Needs assessment likely to focus on WHS pool for bond issue

The Wayland Board of EducatioWHS pooln is getting ready to take the first step toward having a bond issue, very likely to upgrade or replace the aging swimming pool at the high school.

The board’s Facilities Committee has been negotiating with Tower and Pinkster Architects of Grand Rapids to come up with a facilities needs assessment for $15,000 that probably will identify the greatest need as the pool.

This, after board members Monday night received a gloomy report from Maintenance Supervisor John Huyck, who said a Freon leak in the pool already has cost $6,000, the light ballasts have deteriorated and rotting benches need to be replaced. The total cost of repairs is estimated at between $20,000 and $30,000.

And that’s not all.

The pool has had to be closed more than a few times in the past couple of years for repairs of a variety of problems. The pool was installed in 1974, at the same time the high school opened, and it has been deemed by the Michigan High School Athletic Association as unacceptable for recognized interscholastic competition.

“The facility needs an assessment and we’ll be working on how much we need to continue to put into the pool,” said Wayland Schools Finance Director Bill Melching.

At first, it was believed the school district would have Tower and Pinkster do the assessment and continue as architect at a cost of $35,000, but Melching said he thought it would be better to spend the smaller amount of $15,000 for the assessment only and then further decide on options after that.

“We’re not looking for a long-term commitment,” said Superintendent Norm Taylor. “We just want to get this process started… We’re not looking for a Taj Mahal, but we’re looking for something made out of bricks and not straw.”

Board member Gary Wood, a member of the Facilities Committee, said he was concerned that Tower Pinkster submitted the highest bid for all pre-bond work, including architect’s services.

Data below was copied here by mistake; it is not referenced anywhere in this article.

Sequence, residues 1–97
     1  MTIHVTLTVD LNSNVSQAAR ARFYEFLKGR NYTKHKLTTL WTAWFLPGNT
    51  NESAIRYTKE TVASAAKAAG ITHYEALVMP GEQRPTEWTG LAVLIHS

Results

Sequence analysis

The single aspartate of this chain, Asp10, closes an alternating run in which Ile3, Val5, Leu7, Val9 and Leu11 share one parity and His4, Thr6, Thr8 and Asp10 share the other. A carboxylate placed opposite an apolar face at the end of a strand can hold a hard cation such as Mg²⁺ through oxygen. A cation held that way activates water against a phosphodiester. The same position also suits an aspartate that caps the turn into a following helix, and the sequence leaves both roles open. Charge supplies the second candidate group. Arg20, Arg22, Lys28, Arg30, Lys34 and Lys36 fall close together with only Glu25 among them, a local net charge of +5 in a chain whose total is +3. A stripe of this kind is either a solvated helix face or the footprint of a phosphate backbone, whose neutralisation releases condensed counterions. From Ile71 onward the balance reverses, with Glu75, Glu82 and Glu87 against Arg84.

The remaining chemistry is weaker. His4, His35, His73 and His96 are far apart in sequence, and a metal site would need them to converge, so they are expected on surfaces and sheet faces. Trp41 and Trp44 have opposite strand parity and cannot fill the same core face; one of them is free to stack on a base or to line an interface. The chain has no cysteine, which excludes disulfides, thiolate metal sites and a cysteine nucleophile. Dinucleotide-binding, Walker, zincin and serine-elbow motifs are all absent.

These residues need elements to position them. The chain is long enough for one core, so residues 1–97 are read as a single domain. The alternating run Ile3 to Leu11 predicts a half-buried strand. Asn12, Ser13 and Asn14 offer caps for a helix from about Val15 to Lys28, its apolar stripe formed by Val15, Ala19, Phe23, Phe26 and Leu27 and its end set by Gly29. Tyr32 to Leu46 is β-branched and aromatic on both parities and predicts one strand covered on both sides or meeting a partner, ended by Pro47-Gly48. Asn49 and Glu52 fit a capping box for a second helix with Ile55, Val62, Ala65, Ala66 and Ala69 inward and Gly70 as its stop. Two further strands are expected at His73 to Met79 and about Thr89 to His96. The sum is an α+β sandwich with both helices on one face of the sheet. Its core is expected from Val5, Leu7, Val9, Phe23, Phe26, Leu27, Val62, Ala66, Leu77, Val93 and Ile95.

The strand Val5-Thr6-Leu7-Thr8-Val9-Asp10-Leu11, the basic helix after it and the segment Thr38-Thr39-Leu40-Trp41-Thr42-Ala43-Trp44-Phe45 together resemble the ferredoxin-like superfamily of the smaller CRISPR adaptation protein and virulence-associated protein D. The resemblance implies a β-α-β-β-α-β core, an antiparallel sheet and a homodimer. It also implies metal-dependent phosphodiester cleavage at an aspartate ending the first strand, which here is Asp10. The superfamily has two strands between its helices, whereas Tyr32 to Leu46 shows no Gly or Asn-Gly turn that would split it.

But Taylor answered that hiring Tower Pinkster only for the needs assessment would provide the firm with “incentive to do a quality job. They want to keep your business and hire them as architect.”

Melching acknowledged that if Wayland school district voters approved a bond issue, the local millage rate would increase. He said the current rate is 8.4 mills, up from 7.5 the year before, but he expects it to go down the next time.

He added that he expects the district’s bond consultant to be available at the school board’s next meeting Aug. 10.

Taylor told the board the only election dates available next year without penalty would be in May, the August primary and the November general.


  • Let me try to wrap my mind around paying a firm $15,000 to “prioritize” athletic facilities needs… ummm… pool, tennis courts, football field… clearly the pool is a “community resource”… as are, I would argue, the tennis courts and to a degree even the football field. So, at no charge… I would prioritize them in just that order… pool, tennis courts, football field. (I would add, that if the district had decided (in a 5-2 vote) NOT to spend almost $700,000 on more iPads, there would have been plenty of money to FIX THE POOL, RESURFACE THE TENNIS COURTS AND INSTALL AN ARTIFICIAL SURFACE STADIUM FIELD!

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